What would be the best way to change RGB values to RGB+Y values?
We have a new led light with and extra Y led to compensate for poor display of yellows and oranges with the regular RGB module.

Hi Alex,

My first thought is you could store the Y value in the alpha channel of an RGBA image. Might require a bit of low-level bit-fiddling, but not inherently difficult.


What I was looking for was a way of converting the RGB values to RGBY.
The same way you would convert RGB to CMYK

[quote author=“alexbeim”]What I was looking for is a way of converting the RGB values to RGBY.
The same way you would convert RGB to CMYK[/quote]

Ah. Well if Y is luminance, then something in a loop like this would do the trick (if you do it in OpenCV:

void rgb2rgby(IplImage *img_src, IplImage *img_dst)  
   for(int i = 0; i  < img_src->height; i++)  
      uchar *p_row_src = (uchar*)(img_src->imageData + i*img_src->widthStep);  
      uchar *p_row_dst = (uchar*)(img_dst->imageData + i*img_dst->widthStep);  
      for(int j = 0; j < img_src->width, j++)  
         uchar Y = (uchar)CLAMP(0.3*p_row_src[0] + 0.59*p_row_src[1] + 0.11*p_row_src[0], 0, 255);  
         *p_row_dst++ = *p_row_src++  
         *p_row_dst++ = *p_row_src++  
         *p_row_dst++ = *p_row_src++  
         *p_row_dst++ = Y;  

uchar is just a typedef for unsigned char.

OpenCV’s native channel ordering is BGR, so you’ll have to reverse the order of the coefficients in the luminance calculation if you loaded the image from OpenCV.

Hope that’s what you were after.


My intuition says: compute the distance from your color to each other primary color in RGB space, then multiply the RGBY representation of those colors by the distance.

So, color/RGB/RGBY:

R <1, 0, 0> <1, 0, 0, 0>
G <0, 1, 0> <0, 1, 0, 0>
B <0, 0, 1> <0, 0, 1, 0>
Y <1, 1, 0> <0, 0, 0, 1>

Let’s say you want to convert color C = <.1, .2., .3>

C to R = .97
C to G = .86
C to B = .73
C to Y = 1.24

Then normalize everything by sqrt(3), the maximum distance between R, G, B or Y to some color C:

R = .55
G = .50
B = .42
Y = .71

And then take the inverse (i.e., 1 - x), so you get “similarity” rather than “difference/distance”:

R = .45
G = .50
B = .58
Y = .29

Since the RGBY vectors all have only one 1 and are 0 otherwise, we can multiply + add them by just substituting the values:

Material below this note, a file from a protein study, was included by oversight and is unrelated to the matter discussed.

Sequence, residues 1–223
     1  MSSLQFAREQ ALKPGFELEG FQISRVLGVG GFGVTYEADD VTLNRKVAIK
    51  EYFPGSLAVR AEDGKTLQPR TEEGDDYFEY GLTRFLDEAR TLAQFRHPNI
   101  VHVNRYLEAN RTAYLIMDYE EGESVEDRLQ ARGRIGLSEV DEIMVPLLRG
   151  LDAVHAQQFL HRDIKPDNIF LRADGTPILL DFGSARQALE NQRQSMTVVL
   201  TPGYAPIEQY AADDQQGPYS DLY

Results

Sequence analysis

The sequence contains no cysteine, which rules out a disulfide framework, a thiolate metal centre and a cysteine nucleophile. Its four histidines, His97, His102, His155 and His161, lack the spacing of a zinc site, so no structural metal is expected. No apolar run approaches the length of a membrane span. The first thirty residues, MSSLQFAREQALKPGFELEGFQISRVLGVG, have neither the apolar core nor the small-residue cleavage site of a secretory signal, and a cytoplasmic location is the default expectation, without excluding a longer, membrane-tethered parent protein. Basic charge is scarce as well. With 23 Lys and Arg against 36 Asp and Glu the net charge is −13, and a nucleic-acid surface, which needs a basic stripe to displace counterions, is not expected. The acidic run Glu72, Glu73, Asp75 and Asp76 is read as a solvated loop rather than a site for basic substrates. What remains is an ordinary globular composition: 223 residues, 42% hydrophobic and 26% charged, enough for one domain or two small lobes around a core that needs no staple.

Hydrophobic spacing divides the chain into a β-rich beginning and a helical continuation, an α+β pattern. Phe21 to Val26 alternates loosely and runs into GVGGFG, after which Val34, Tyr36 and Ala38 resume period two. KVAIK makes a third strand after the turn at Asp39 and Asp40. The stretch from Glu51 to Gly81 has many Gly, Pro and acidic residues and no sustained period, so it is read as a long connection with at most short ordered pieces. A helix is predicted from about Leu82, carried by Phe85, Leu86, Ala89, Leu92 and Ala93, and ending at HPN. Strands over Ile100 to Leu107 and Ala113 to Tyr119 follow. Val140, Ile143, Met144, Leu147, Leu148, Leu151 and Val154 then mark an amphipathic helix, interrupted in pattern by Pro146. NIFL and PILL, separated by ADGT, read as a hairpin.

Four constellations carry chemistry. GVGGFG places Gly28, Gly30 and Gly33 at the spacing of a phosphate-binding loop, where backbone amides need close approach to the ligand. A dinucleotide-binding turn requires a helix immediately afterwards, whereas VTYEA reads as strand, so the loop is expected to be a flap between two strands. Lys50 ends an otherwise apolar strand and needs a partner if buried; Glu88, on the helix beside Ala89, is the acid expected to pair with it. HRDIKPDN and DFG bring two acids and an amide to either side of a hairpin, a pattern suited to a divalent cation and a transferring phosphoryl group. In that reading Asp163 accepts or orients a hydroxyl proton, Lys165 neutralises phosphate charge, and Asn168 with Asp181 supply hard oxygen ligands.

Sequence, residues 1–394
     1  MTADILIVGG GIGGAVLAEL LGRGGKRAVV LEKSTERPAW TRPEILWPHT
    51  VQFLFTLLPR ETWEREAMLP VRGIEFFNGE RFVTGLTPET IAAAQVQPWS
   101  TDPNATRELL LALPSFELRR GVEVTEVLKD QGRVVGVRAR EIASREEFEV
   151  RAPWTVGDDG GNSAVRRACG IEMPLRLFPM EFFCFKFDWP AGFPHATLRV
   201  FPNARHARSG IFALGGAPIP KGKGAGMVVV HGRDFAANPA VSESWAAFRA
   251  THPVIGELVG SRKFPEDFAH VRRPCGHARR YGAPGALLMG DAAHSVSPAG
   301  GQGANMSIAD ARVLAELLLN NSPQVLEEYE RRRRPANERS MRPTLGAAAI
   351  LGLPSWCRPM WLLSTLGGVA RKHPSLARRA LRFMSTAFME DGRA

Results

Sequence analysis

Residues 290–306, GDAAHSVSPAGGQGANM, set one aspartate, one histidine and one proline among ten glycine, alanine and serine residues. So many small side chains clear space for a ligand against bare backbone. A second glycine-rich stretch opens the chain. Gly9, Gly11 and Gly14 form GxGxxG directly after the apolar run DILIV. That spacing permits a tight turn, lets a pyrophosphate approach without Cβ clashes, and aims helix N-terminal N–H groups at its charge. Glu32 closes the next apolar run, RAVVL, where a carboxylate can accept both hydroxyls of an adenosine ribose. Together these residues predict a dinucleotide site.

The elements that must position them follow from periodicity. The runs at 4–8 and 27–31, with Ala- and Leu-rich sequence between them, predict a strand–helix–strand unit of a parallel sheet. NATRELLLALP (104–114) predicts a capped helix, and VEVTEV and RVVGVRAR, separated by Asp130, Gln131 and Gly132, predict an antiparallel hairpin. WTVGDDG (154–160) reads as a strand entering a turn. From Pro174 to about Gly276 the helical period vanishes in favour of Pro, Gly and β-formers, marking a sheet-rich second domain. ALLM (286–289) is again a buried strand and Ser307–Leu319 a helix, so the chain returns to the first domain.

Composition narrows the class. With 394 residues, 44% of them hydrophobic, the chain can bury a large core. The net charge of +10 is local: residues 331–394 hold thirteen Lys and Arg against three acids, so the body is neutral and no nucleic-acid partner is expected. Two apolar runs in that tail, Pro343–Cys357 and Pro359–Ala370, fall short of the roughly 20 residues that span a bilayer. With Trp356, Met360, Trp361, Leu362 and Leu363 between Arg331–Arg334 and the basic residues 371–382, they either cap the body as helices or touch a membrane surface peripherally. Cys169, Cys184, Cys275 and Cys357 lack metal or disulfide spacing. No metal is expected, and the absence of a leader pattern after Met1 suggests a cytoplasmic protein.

<.1, .2, .3> in RGB = <.45, .50, .58, .29> in RGBY

There’s definitely something wrong with this idea, because it doesn’t compute RGB to RGB correctly… but something along these lines might work.

there’s probably not going to be any particular mathematical solution to this, because without calibrating things with the physical device, there’s no way of knowing how much yellow you have to turn on.

but, along the lines of what Kyle suggested, although simpler: calculate the distance away from <1,1,0> (maybe just using the R and G components, so simplifies to the distance away from <1,1>, invert, and send that to Y.

I considered that, but I think the operation needs to be done on all the colors rather than just generating Y – otherwise you will get overly yellow colors (i.e., you will be duplicating the yellow component).

There is definitely some calibration that needs to be done. I’ve done some experiments recently using a webcam-for-calibration that might prove helpful if you’re trying to match an LED to an on screen color.

Also, in my experience with RGB LEDs: you really can generate most colors, you just need to make sure it’s diffused well or you get an effect of having different colors in different places.

yeah - although as i understood it, the point of the extra Y LED just is to make things overly yellow - or rather, compensate for the lack of yellow in the base lights. (seems weird, because in me experience it’s blue you’ve got to boost, not yellow… well anyway…)

I found this info from a past discussion on the topic:

You want RGB to RGBY? Since Y is a combination of R and G, you could
just use an undercolor removal algorithm that removes yellow instead of
black. You don’t say *which* yellow, so I’ll assume the yellow that is
equal R and G.

Y = (R - min(R,G)) + (G - min(R,G));
R -= min(R,G);
G -= min(R,G);

Any opinions on this solution?

That looks a lot more reasonable :slight_smile: I think under color removal is generally used in subtractive situations rather than additive ones, but it looks like the same principle should apply here.

And if, like Damian says, you’re really just looking for brighter yellows, you can add a “compensation” variable:

cpmp = 0;  
min = min(R,G)  
Y = (R - min) + (G - min);  
R -= min * comp;  
G -= min * comp;  

When comp = 0, yellows are just “doubled”; and when comp = 1 all yellows are removed from RG and placed on Y (which should result in the same color).